If you are near Chichen Itza, Tumul or Ek Balam, try to make time for Valladolid. It is a small town with 16th century style buildings. The buildings are tall, flat, colored with huge ceilings and wooden doors. Many of these buildings have now been converted into shops, restaurants and art boutiques. This town has transformed into yet another tourist destination which is quite sad because that takes away the real feel of a place. Still, you will find enough locals around dining at restaurants or relaxing in Francisco Cantón Rosado Park (the main center park) that lies right in the middle of the busiest intersection and also opposite San Servacio o Gervasio Church.
Notice how the building is a bit lopsided
While strolling through the park, heavenly smell of something being baked dragged me to a tiny stall selling fresh Marquesitas. A little man was baking fresh crispy pancakes on a hot, round griddle and filling them up with meat, cheese, fruits, marmalades or chocolate depending on people’s demands. I chose banana, Nutella and walnuts filling. It was amazing.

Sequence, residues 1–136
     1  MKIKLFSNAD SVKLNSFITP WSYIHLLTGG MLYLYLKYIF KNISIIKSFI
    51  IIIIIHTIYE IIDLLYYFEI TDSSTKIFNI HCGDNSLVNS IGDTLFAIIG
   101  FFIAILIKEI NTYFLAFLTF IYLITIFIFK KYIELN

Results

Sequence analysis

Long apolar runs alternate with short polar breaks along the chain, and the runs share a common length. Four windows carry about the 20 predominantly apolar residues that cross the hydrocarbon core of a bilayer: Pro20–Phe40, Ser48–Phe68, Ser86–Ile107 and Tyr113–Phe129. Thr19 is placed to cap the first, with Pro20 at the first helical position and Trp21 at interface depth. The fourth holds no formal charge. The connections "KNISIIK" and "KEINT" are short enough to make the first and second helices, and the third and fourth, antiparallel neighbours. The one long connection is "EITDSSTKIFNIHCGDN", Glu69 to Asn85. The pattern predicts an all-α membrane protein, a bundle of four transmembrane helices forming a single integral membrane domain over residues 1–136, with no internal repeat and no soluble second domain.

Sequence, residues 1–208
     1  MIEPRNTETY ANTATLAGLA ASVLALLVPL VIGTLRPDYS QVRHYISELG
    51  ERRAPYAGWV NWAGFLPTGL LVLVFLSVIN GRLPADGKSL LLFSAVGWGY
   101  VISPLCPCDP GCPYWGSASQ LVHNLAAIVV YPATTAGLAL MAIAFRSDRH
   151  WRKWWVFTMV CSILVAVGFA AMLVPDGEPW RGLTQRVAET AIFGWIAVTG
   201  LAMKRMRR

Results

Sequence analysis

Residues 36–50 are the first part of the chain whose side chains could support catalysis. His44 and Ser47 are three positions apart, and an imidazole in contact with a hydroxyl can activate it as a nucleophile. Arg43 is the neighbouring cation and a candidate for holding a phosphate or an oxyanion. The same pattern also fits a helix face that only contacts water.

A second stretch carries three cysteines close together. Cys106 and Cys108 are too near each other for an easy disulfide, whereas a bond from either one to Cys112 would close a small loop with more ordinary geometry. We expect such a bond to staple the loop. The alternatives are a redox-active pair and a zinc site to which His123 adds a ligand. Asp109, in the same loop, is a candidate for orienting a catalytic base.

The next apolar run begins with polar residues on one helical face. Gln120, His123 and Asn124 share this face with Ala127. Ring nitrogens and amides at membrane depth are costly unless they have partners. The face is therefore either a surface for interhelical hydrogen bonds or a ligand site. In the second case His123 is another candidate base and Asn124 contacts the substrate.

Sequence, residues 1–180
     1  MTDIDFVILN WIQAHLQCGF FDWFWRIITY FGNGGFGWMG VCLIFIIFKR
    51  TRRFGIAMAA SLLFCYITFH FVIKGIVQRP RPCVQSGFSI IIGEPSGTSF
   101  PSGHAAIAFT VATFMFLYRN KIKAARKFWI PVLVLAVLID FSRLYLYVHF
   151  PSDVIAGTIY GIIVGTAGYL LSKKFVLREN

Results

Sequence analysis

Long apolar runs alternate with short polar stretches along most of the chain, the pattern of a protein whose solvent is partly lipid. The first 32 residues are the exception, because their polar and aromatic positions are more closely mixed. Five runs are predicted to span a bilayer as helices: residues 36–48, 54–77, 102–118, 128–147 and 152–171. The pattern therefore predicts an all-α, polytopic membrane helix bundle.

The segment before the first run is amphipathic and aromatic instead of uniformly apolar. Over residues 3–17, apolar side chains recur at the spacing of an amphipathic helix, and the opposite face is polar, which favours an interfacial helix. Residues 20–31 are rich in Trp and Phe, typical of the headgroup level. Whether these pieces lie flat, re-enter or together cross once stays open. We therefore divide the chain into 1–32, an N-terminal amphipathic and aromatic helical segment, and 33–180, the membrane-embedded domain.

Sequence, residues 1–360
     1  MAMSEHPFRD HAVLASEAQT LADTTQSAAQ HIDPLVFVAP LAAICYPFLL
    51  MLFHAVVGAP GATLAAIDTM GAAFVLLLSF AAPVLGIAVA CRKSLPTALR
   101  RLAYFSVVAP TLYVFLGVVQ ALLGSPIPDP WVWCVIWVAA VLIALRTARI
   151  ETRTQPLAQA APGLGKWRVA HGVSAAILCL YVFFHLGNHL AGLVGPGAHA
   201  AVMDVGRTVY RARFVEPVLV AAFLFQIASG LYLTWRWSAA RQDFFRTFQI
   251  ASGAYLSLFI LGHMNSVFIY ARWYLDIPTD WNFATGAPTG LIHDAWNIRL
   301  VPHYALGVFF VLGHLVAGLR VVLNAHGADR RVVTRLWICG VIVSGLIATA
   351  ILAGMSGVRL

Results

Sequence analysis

We did not have enough time to explore much of this little town. We walked around the whole main square, gazing up at the colourful buildings and searching for a good restaurant. Several people guided us to a corner restaurant, done up in a real vintage style, named Las Campanas. We ate there, totally tired from our Chichen Itza and Ik Kil trip, and decided to call it a day when gongs sounded at the Cathedral.
Intending to go back to our resort in Playa Del Carmen, we kept getting lost. Valladolid has numerous tiny lanes, many of which are one way. The GPS device kept getting confused. We reached dead-ends, roamed around in circles and asked people who couldn’t communicate in English. That way, we got to explore the non-touristy portions of the city. These sections of the city would remind you of any old city of India – the same haphazard traffic, small box shaped row houses, cars and motorcycles parked here and there, grocery, shoes and clothes local stores. I would squeal once in a while when an old colourful vintage building would come to sight.
I found out later on that Valladolid also has a few historic buildings and a cenote (meaning, a water cave). It would be a good idea to stay here if you intend to visit Chichen Itza, Ek Balam and Ik Kil. You can visit these places and also explore this little town without having to travel long distances from Cancun or Playa. Strolling or getting lost in pretty lanes of Valladolid in evenings would be such a bliss.